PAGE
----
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Since 2006, Canada alone has pumped more than $180 million into education in Afghanistan, according to the Canadian Foreign Affairs project browser. Thousands of schools have been rebuilt or rehabilitated by western nations. Afghan government statistics show more than -- up from just 5000 in 2001. So why is it that, despite this decade of massive investment, the literacy rate for women is still only 22 per cent according to UNICEF? It's the same problem we've seen so many other places: failing to realize that building a school is not the same thing as providing an education.
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Food banks, pantries and soup kitchens originally designed for emergencies now struggle to meet rising, chronic need. And in both the grocery store and the food bank, the cheapest and easiest food to come by is processed, packaged, and unhealthy.
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Get informed about the products to avoid, and the products to embrace. Flaunt our best finds to our friends, in person and online. Share the knowledge and the excitement of shopping with a conscience, especially during this month of frenzied consumption and "great deals."
If there were such a thing as a rock star politician, the man known affectionately around the globe as "Madiba" is one. Today's youngest generation did not witness his historic struggle, release or election. Yet they know his extraordinary messages of equality, hope and forgiveness. And they are ready to receive his torch.
It is almost inconceivable how little the world has actually invested in helping the most vulnerable countries be prepared. As we join the people of the Philippines in grieving, and helping them rebuild their shattered lives, we can also rejoice in the lives that were saved by good preparation.
TORONTO - Marathon of Hope runner Terry Fox's attempted cross-Canada run to raise money for cancer research earned him a place on Canada's Walk of Fame on Saturday and drew the loudest cheers, 33 year...
It's one thing to be idealistic and mean well in life, but it's another thing to go out there and kick the world's butt to actually make a difference. Instead of talking about a more compassionate wor...
It was the speech heard around the world. Martin Luther King Jr.'s "I have a dream" are some of the most recognizable words in history, and 50 years later, the March on Washington Square is an enduring example of the struggle for basic freedoms through peaceful assembly. Now, it's time for reflection.
The story of how Jesse Giddings got his break in the entertainment industry reads like the opening act of a Hollywood film: star-hopeful moves from the suburbs to the big city with nothing but a duffel bag and a dream. We caught up with Giddings to find out what motivates him, and what he would say to his high-school self.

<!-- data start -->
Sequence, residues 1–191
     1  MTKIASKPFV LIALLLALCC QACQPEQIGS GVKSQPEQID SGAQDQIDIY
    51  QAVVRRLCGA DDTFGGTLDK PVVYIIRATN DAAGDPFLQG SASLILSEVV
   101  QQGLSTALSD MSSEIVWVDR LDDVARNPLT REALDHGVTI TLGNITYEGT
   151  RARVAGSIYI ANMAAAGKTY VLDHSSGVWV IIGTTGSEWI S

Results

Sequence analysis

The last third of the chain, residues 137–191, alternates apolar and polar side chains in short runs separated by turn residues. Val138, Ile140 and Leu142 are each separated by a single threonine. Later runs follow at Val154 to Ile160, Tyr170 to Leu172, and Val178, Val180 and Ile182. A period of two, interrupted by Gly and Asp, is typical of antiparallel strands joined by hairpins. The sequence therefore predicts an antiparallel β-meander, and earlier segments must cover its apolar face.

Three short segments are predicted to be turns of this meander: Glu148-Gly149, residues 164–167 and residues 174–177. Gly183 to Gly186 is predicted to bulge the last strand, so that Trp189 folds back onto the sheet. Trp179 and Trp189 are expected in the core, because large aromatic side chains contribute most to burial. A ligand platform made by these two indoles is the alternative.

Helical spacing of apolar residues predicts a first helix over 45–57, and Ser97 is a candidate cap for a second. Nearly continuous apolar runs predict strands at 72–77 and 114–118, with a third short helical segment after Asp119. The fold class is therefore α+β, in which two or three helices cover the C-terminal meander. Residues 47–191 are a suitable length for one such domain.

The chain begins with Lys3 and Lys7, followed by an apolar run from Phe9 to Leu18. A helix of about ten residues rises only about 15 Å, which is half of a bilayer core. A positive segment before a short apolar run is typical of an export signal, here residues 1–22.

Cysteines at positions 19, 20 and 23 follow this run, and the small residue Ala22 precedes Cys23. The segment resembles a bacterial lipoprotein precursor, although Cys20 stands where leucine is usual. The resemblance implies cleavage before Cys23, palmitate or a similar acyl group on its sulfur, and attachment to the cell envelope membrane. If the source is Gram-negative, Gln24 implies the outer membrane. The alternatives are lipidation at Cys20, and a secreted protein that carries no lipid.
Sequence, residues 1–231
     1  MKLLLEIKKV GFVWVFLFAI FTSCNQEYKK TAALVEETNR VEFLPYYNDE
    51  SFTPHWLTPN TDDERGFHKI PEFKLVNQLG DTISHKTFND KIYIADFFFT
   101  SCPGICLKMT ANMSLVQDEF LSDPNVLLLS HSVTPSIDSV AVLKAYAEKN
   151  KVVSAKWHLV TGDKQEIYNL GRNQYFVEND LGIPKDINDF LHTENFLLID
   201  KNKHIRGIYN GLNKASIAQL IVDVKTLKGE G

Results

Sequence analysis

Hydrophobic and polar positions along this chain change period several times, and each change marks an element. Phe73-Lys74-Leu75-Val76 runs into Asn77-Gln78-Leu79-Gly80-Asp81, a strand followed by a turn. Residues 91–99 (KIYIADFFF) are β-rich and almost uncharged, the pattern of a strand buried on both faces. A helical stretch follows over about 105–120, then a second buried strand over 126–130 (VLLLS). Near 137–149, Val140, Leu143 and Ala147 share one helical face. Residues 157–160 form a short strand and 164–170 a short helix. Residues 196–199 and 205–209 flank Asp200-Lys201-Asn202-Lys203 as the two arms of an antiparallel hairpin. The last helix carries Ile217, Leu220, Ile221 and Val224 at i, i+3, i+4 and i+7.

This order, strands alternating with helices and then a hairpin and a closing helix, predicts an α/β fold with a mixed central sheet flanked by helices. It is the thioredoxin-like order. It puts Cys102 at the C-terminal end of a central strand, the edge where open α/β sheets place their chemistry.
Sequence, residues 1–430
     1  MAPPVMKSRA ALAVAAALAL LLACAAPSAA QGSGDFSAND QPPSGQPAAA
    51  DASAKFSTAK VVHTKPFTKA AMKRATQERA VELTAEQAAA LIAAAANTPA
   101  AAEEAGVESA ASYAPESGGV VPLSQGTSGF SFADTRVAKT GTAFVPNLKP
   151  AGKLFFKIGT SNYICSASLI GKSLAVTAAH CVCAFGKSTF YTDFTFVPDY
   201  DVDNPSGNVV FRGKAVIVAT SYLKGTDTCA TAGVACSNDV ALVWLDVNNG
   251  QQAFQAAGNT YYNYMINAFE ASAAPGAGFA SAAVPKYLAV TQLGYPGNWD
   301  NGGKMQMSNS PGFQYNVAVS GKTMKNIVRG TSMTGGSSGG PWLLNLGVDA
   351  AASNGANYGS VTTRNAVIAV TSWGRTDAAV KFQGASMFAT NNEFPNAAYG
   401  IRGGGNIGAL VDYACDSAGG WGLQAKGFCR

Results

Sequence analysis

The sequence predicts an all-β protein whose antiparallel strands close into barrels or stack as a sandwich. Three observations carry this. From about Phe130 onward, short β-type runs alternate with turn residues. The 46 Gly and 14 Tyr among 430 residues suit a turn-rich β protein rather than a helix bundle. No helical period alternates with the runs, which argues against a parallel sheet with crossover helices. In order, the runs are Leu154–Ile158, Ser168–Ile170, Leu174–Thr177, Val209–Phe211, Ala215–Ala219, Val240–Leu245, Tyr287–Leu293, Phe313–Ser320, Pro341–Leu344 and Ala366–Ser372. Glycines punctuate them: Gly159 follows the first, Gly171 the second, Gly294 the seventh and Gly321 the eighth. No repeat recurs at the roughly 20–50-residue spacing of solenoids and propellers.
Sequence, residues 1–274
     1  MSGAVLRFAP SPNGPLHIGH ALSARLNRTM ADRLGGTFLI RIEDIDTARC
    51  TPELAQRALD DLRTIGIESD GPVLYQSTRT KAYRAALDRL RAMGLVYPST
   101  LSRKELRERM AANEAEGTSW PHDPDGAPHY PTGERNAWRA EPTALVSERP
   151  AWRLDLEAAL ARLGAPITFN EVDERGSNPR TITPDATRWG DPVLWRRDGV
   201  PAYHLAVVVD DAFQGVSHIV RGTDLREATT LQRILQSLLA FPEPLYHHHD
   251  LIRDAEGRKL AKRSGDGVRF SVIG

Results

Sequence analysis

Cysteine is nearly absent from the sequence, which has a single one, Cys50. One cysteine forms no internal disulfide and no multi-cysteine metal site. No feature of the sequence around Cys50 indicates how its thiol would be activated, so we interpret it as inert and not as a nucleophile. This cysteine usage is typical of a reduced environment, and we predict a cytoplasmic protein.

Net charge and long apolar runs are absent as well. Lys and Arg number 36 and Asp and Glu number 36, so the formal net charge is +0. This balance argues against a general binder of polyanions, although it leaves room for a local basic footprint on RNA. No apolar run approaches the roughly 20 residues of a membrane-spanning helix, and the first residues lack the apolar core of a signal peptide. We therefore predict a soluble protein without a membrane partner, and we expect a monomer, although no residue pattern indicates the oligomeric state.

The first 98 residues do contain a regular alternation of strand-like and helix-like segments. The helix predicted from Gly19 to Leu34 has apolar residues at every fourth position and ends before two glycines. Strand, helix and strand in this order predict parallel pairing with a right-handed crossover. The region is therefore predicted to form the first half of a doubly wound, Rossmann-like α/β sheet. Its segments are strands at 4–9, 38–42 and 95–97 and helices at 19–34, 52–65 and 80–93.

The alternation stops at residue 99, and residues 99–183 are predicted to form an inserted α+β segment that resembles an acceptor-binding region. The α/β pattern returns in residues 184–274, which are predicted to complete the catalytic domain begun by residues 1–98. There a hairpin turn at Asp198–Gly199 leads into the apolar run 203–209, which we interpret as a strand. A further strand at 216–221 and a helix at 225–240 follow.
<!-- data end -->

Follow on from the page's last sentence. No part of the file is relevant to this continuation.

Hannah Alper is a 10-year-old blogger with a resume that would make recent journalism grads jealous. She earned a press pass for the 2013 Juno Awards, where she worked backstage as their official blogger. The reach of her environmental blog, callmehannah.ca, has landed her in the hot seat as interviewee with the likes of CBC Television's George Stroumboulopoulos.
Last Wednesday, singer Beyoncé Knowles posted a photo on Instagram that sent star-gazers into an uproar. Just once we'd love to see a Facebook status update like: "OMG! Beyoncé was collecting food for the food bank. I am so, like, going out tomorrow and doing a food drive!"
It's an intriguing concept: Help millennials answer life's big questions and change the world while watching television. But millennials, bombarded with information, tend to be skeptical, and they are notoriously elusive. Will they respond to calls to action presented on television?
Boredom is curable. Reading is the antidote. It's never too early to use the potency of story to illustrate a lesson. Kids have to learn about causes before they can care about them. Books with an overt moral message offer even more rewards as children learn about bullying, global issues, or the importance of helping others.
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Lights became a seasoned world traveller long before concert touring had her crisscrossing North America with hits like "Toes" and "My Boots." She told us what advice she would give her high-school self, and why she believes that education can break the cycle of poverty.
Summer vacation is well underway, and off-duty students across the country are looking for "something to do." Well, why not become Prime Minister of Canada? At the very least, practice your campaign speech, like We Day favourite -- and future prime minister -- Sydney Brouillard-Coyle.
The headline that caught our attention: "Millennials genuinely think they can change the world and their communities." It's the kind of headline that makes us smile. If you don't believe your efforts can make a difference, you're probably less likely to even try. So how do we build that optimism in young people so they do believe?